Just about every credit card boasts a rewards program, but which one is right for you?
Nick Clements of Magnifymoney.com says the answer depends on which rewards are important to you.
He says there are typically three types of rewards categories: generic programs, airline miles rewards, and cash back programs. Clements recommends starting with a cash back card if you aren't sure which to sign up for.
"Then you can start to compare other cards and other programs," he says.
Right now, he says Citibank Double Cash card gives 2 percent cash back on all purchases, with no annual fee and no cap.
"You earn one percent when you spend, and one percent when you make your payment," he says.
But he warns it's important to pay off the statement balance every month otherwise you are losing the reward in interest.
Something else to consider is where you already spend a lof your money, and which cards are rewarding you for it.
If you go out for dinner or lunch regularly a card that gives points for dining might make sense. Clements says the Uber Credit Card is paying 4 percent on restaurant purchases.
If you spend a lot of groceries American Express Blue Cash Card is paying our 6 percent at supermarkets. There is a $6000 cap and an annual fee but Clements says, "even with the fee, if you're spending $6000 dollars a year it's still over 4 percent (you get back) on groceries."
Check out more specific cash back programs here.
If travel is important to you, he says airline miles cards can be great if for no other reason that the sign-on bonus.
"There is no better deal than an airline card in the first year," he says.
Often they will offer 50,000 to 60,000 points just for signing up. Once the honeymoon is over Clements says the perks alone make these cards worth it, especially if you're a frequent flyer.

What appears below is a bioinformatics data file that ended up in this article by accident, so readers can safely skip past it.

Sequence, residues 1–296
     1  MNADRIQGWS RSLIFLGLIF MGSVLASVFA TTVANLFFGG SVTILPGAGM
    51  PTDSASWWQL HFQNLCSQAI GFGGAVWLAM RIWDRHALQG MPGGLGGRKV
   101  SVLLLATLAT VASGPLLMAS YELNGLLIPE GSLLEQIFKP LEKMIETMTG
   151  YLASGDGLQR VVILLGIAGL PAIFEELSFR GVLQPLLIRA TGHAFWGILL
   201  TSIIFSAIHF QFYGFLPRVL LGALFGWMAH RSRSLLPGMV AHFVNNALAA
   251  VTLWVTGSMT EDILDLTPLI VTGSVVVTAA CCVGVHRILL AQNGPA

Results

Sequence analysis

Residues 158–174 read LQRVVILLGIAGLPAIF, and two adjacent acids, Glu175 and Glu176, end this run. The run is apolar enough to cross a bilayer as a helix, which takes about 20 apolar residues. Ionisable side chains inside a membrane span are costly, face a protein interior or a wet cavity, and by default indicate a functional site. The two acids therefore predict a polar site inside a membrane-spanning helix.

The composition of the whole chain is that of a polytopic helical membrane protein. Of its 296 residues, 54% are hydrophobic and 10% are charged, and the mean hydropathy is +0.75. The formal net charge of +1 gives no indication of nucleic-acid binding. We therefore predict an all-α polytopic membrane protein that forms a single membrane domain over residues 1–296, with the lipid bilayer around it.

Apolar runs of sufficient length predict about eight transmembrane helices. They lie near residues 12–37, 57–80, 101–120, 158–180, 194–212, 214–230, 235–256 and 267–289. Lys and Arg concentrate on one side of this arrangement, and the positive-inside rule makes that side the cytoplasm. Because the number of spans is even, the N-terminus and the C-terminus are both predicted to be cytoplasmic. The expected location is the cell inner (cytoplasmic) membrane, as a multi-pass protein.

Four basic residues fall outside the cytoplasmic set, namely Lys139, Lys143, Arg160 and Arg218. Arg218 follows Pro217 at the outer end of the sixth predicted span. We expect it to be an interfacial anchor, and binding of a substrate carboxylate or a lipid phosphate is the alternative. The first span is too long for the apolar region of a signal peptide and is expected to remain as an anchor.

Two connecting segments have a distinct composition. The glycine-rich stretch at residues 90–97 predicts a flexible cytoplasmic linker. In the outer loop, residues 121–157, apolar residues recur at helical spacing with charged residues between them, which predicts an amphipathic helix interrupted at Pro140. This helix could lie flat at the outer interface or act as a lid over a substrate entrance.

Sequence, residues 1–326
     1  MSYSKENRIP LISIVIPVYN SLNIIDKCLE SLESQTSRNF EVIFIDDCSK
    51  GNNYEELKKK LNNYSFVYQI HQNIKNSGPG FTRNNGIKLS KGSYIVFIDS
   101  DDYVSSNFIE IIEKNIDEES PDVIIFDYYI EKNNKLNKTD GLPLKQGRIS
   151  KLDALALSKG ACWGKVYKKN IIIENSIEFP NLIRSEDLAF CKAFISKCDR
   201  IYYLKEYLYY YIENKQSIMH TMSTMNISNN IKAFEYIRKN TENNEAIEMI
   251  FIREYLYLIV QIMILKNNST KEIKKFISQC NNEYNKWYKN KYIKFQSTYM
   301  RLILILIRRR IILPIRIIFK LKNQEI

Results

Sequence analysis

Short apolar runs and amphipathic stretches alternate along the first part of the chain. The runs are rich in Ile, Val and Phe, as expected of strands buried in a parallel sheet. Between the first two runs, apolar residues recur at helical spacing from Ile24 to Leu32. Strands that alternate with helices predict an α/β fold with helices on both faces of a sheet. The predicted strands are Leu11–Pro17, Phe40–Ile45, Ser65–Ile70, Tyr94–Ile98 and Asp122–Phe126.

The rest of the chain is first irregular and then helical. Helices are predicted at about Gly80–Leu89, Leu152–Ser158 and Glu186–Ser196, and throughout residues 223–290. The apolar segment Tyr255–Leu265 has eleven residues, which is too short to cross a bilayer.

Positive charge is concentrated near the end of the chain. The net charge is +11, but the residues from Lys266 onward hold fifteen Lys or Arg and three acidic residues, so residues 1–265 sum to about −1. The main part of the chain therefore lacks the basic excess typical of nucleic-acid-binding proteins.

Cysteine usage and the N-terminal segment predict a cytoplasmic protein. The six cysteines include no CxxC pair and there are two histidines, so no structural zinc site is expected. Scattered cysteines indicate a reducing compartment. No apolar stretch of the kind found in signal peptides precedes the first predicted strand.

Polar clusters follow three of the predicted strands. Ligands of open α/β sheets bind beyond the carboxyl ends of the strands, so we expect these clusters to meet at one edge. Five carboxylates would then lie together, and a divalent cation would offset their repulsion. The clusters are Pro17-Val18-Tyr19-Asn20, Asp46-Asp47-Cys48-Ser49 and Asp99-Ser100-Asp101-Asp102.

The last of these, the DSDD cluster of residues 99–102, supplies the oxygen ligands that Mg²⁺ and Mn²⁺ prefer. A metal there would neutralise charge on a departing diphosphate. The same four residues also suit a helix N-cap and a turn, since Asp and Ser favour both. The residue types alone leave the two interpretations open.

"If you fly a few times a year but don't have status and you check bags, the annual fee to get the checked bag waiver, can more than pay for itself even if you don't do a ton of spending on the card," he says.
As for which airline card is better, Clements says there are too many variables to call one winner, but he has a breakdown of top cards for each airline here.
"You can transfer Amex membership rewards to Delta. You can transfer Chase ultimate rewards to United," he says.
Also, consider where you want to travel--and does the airline go where you want to be? He says getting a card for the airline which has a hub near you makes sense because that is what you'll fly most often and can rack up more points that way. For Phoenix-area travelers in particular, since American has a hub here Clements says there is an opportunity to double up on points.
"Both Barclay Card and Citibank have American Airlines cards," he says. "So having cards from both, you can get some pretty big sign on bonuses."